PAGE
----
As a personal trainer, there is no more common question received than “how do I get back in shape?” Quite frankly, this is likely equivalent to a doctor being asked “how do I get better?” It is your main focus, main job requirement, and main reason why you go into a line of work. Getting people back in shape is not only interesting and revealing, it is also quite simple, as far as actual steps go.
But like they say, “the devil is in the details.” Humans are not robots, and present many unique and interesting challenges. Schedules, stressors, spouses, kids, injuries, etc. I’ve decided to take some of my knowledge and write a helpful guide for you. Follow these 5 simple steps and no doubt you will be back in the gym, looking like an Adonis, in no time!
Table of Contents
1. Don’t Get Out Of Shape!
While it may seem obvious, the easiest way to “get back in shape” is to never fall too far out of shape to begin with. With modern stress levels being very high nearly all the time, it is very easy to skip the gym. But think of it like this: you have one dollar (this represents your total health), and every time you skip a planned workout it’s a withdrawal from that dollar. Sure, maybe it’s only a penny, but over time many missed workouts can add up to you having nothing left (i.e. being out of shape).
Conversely, every time you get to the gym, you are adding some money in. Even if you have a lousy workout, think of it like maintaining your current balance. This overly simply example should be relatable to everyone and is a realistic way to always keep yourself motivated.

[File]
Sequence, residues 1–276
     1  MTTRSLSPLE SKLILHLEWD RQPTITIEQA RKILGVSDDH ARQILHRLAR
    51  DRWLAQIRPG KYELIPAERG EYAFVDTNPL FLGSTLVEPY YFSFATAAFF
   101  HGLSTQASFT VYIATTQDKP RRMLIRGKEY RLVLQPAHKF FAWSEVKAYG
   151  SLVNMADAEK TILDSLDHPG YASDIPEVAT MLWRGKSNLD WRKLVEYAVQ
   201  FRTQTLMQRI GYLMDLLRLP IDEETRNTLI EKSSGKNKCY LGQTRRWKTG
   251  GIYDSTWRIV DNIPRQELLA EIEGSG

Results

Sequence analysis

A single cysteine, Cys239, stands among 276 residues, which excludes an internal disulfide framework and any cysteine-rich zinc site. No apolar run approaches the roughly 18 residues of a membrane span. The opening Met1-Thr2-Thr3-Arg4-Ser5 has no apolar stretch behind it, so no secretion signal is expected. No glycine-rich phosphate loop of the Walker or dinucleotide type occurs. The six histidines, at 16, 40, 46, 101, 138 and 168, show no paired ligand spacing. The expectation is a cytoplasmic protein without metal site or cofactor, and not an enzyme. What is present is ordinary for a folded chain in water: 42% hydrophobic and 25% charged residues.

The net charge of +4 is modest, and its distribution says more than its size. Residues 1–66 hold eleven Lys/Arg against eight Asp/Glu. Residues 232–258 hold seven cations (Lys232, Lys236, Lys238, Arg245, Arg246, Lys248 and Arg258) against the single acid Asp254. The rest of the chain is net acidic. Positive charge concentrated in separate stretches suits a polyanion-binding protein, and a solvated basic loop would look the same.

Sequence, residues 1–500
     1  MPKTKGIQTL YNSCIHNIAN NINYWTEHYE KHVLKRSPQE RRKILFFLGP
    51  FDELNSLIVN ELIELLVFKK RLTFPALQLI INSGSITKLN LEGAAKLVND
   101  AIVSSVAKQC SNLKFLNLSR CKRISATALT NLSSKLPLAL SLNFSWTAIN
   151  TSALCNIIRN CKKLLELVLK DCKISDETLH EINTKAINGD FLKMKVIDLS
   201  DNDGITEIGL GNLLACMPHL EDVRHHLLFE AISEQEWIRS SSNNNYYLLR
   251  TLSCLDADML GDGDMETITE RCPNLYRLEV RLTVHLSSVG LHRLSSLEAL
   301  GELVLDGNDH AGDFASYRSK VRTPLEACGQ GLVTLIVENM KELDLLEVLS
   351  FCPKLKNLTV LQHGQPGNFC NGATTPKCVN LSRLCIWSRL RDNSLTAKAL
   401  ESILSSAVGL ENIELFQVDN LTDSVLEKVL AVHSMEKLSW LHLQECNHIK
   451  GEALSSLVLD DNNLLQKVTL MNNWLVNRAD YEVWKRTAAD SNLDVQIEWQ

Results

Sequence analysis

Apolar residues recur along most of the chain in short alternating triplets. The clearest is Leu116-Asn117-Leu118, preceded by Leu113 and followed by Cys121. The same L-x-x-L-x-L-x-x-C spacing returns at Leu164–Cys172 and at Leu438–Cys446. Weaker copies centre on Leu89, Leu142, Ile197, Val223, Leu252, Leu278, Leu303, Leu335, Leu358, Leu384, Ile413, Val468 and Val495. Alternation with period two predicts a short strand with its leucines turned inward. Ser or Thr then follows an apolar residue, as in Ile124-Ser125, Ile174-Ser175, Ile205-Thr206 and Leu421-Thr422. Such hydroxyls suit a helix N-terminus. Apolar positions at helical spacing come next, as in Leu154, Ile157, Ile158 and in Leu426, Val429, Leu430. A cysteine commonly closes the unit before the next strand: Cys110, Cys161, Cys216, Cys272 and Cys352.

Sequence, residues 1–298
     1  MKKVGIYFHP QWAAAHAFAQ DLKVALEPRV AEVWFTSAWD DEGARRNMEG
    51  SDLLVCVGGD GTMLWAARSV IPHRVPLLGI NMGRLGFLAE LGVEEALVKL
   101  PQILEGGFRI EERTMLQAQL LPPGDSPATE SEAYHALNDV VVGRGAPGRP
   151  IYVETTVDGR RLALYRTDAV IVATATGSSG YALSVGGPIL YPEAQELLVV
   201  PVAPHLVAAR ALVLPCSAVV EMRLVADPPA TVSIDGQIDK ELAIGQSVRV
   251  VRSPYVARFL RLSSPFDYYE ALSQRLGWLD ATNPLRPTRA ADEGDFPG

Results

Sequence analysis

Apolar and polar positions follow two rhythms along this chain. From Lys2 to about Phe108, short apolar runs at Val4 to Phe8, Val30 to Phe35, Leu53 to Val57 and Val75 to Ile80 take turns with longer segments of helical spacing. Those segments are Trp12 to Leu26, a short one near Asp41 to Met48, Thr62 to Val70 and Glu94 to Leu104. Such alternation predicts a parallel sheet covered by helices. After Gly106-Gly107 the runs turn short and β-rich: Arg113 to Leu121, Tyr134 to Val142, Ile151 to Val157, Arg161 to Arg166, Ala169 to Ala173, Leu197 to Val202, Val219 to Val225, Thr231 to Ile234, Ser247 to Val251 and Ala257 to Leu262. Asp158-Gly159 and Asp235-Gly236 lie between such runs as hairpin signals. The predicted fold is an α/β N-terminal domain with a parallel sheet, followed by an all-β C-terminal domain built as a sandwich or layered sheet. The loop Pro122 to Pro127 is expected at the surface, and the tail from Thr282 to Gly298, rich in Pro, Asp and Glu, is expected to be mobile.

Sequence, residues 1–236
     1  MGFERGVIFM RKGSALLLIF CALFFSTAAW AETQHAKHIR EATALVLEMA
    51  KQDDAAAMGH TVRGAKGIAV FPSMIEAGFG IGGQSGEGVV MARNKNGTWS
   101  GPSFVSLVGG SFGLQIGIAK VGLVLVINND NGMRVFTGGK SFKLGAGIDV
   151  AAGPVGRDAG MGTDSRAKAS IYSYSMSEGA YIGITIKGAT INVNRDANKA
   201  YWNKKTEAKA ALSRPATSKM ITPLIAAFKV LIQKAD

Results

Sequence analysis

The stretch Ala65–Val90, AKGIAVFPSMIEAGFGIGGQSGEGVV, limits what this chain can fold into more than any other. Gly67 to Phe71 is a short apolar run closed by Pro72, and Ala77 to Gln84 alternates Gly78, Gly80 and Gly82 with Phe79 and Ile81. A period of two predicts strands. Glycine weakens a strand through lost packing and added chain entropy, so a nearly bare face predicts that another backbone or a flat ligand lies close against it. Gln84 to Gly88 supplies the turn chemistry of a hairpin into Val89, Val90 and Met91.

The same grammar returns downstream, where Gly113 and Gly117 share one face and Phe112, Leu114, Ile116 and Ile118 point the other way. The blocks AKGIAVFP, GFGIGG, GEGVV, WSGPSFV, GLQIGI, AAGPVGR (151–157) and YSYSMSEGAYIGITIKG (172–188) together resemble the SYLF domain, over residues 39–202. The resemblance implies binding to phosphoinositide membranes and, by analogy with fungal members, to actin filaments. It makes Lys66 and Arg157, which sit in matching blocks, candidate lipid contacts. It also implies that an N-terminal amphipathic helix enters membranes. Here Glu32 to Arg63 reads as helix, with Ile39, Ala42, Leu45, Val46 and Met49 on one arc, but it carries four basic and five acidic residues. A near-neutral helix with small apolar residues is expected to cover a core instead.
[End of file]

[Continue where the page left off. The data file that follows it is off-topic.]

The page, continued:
No matter how much you want to lay on the couch and “veg out,” you need to find a way to keep yourself going to the gym. Continually. As you will soon see, or maybe you know from experience, getting back in shape is much harder than staying in relatively good shape all the time. “You are your habits” as the saying goes. Make sure you create good ones.
2. Start Slowly
As a personal trainer, I’ve never see a more common mistake than the person who is dying to get back in the gym and then promptly injures themselves. They simply go too hard too fast. This is where one’s ego comes in to play. You must accept the fact that you likely didn’t get out of shape overnight, and you likely won’t get back into shape, overnight. This may seem simple, but when put into practice, this can drive many people crazy.
I think the mere act of going into the gym can make people think of all the days they didn’t do much of anything and now they are paying the price. They are very motivated as a result of this line of thinking and want to “make up for lost time”. In reality, a slow, steady progression is what brings results. This must be accepted and realized before any true progress can be made.
As an extra warning, nothing will set you further back than being injured! While walking may be humiliating at first when you see other people doing 300 pound bench presses, if you’re in a cast it will be very hard to work out at all. “Rome wasn’t built in a day” as the saying goes. This should be the number one, red flag message which should let you know that you should take it easy. You will get to your goal, just be sure to slow down and not try to accomplish it in one day or one week.
3. Be Realistic
This goes hand-in-hand with our previous point. While it would be great to be working out like this:
In all likelihood, you will barely be moving. And this is perfectly okay! The simple act of getting back into the gym is a win. You have to have realistic goals…and looking like someone who is likely on heavy doses of anabolic steroids is not a realistic goal. Getting your bloodwork to look better and losing some pounds IS a realistic goal.